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2 investing principles I’d follow to build a retirement portfolio

Everyone wants to build a solid portfolio that will support them in their retirement, but what does we need to know to do so? Knowing how to interpret financial statements and value companies is obviously important, but successful investors are more than just skilled accountants. The best investors have a set of rules or principles that they adhere to, and that guide them in their decision-making. Having well-defined guidelines will allow us to make the right choices even in cases where the specifics of a situation may be unclear.

Don’t worry about things we can’t predict

It is true that macroeconomic variables like interest rates, commodity prices and geopolitics affect the market in very significant ways. But it is also true that they are extremely difficult to predict, and there is quite a lot of evidence to suggest that even professional forecasters do little better than laypeople who guess randomly. What does this mean for investors?

Firstly, we should not make investments based on what we think may happen. A fall in property values may lead to a drop in the share price of a quality housebuilder, but we should not bank on the decline to continue in the hope of getting a better deal. We should use changes in macro-variables to our advantage, but never depend on them. Secondly, we should make sure that our portfolios are recession-proof by focusing on high-quality income stocks with solid cash flows. We cannot predict a bear market, but we can position ourselves in a way that minimises our losses if one does occur.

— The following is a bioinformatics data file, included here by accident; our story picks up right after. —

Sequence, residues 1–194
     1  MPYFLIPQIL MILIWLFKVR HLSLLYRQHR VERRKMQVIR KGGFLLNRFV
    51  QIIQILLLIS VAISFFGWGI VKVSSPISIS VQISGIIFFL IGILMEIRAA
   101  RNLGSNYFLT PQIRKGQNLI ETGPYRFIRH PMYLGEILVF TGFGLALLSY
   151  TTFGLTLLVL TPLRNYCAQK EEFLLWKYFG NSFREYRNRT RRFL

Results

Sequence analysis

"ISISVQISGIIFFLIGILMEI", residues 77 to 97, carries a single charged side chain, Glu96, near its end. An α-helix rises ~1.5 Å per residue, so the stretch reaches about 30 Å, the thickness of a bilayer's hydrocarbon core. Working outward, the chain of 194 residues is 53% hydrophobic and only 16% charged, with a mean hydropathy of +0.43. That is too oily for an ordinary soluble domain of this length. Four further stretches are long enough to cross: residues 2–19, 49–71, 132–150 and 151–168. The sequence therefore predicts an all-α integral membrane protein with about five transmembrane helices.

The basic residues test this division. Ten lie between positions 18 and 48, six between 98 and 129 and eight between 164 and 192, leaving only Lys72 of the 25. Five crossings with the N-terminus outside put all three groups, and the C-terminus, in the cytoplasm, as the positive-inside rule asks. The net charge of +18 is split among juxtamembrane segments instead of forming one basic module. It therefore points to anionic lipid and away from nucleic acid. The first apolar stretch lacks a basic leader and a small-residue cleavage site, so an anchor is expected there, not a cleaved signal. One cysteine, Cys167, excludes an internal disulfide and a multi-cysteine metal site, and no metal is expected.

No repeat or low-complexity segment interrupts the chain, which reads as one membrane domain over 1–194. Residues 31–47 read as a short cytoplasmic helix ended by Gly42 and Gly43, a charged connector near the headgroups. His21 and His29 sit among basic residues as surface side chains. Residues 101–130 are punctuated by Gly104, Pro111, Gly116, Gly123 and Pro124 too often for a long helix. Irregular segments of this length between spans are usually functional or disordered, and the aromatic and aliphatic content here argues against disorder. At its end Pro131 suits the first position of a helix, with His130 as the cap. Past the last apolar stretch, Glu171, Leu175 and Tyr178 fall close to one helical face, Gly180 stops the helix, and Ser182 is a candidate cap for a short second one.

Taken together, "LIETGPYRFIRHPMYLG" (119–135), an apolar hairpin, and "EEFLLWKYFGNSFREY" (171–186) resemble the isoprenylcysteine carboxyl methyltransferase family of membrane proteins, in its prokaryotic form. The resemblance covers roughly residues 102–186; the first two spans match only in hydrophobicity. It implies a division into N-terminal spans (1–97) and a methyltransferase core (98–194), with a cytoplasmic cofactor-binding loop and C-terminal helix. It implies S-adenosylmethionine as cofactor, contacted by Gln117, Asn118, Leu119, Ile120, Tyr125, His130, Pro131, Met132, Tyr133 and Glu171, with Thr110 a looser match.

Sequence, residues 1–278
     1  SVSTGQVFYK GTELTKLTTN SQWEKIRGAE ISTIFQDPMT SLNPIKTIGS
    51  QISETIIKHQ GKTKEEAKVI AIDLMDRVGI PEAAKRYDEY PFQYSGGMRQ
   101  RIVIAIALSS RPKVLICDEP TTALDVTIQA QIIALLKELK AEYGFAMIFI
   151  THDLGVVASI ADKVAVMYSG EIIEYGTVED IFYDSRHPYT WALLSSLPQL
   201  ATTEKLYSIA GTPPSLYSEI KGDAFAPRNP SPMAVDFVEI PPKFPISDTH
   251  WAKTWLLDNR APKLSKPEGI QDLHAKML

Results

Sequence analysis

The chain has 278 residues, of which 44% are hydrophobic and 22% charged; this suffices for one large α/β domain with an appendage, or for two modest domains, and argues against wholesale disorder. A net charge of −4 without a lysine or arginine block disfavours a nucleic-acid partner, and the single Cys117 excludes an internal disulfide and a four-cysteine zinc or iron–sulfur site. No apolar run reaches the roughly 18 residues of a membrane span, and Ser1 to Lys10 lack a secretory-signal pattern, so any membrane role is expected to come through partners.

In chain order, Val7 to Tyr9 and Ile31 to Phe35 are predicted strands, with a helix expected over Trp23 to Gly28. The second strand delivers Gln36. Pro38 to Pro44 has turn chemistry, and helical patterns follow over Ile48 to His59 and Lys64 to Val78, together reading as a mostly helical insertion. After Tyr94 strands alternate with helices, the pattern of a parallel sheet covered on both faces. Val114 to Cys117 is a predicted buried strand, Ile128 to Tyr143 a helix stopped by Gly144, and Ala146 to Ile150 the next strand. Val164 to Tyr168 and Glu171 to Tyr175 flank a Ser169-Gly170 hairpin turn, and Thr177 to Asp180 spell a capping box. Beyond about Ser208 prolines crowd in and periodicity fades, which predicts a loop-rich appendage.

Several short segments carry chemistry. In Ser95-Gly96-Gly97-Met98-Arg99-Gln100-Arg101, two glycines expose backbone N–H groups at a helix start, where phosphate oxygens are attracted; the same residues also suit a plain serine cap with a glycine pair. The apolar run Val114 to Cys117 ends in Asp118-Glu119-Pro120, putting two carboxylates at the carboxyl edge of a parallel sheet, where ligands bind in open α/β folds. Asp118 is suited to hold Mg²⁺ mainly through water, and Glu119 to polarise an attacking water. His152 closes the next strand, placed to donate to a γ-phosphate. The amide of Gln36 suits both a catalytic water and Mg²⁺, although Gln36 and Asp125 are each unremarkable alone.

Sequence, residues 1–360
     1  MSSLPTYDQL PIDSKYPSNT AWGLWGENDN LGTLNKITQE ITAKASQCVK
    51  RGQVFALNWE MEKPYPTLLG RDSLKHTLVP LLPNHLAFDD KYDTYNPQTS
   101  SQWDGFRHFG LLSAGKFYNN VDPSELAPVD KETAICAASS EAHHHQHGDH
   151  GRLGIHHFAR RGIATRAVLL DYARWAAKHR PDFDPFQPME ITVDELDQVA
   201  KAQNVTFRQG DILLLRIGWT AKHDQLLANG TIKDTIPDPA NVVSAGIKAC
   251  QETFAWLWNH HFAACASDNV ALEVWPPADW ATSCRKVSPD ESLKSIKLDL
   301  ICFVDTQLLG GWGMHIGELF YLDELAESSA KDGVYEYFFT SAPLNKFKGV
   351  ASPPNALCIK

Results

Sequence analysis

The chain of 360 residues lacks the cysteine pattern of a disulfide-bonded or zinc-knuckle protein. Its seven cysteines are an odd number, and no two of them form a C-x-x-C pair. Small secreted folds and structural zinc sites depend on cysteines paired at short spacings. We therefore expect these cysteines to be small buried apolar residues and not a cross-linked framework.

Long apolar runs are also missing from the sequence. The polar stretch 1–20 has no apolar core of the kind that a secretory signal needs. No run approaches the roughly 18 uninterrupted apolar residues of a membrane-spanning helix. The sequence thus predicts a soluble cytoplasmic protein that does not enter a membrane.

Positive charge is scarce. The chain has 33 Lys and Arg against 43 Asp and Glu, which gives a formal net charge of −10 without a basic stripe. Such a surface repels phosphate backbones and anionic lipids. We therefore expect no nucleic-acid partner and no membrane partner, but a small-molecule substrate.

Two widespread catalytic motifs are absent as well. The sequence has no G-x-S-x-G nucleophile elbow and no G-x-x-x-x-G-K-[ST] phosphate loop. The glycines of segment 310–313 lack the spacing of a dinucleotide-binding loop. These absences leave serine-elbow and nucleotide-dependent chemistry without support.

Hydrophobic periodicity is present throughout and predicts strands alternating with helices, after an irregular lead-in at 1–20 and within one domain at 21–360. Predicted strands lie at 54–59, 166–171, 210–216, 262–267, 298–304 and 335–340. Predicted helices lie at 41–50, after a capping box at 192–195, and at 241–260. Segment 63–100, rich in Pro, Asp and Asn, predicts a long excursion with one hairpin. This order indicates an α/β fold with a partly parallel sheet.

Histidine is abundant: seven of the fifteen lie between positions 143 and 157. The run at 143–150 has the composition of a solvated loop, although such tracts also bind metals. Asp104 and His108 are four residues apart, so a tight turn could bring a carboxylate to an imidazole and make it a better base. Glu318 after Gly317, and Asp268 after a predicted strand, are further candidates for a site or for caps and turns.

Specialise in something

Warren Buffett, considered to be the greatest value investor who ever lived, coined the term ‘circle of competence’ – the idea that you can only have a limited knowledge of anything, including companies. Accordingly, we should focus on a specific sector or industry, and search for bargains among businesses that we understand.

This is simpler than it looks. Investors already likely have a circle of competence. Peter Lynch, another famous value investor, is a great proponent of the idea that even non-professional investors have an ‘edge’ – something that gives them an advantage over the market average. For instance, a doctor may have special insight into biotechnology firms, a mechanic into automobile manufacturers, and so on. Don’t try to learn a little about a lot of companies – focus on learning a lot about a little.

Specialisation can also be extremely useful when looking for bargain companies in inefficient markets. A doctor’s ability to read scientific papers and evaluate medical research would give them a significant leg up when investing in early-stage biotech companies that might not be accessible even to professional money managers. Inefficient markets with high informational barriers and fewer investors will always have more mis-pricing than larger ones. 

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Views expressed on the companies mentioned in this article are those of the writer and therefore may differ from the official recommendations we make in our subscription services such as Share Advisor, Hidden Winners and Pro. Here at The Motley Fool we believe that considering a diverse range of insights makes us better investors.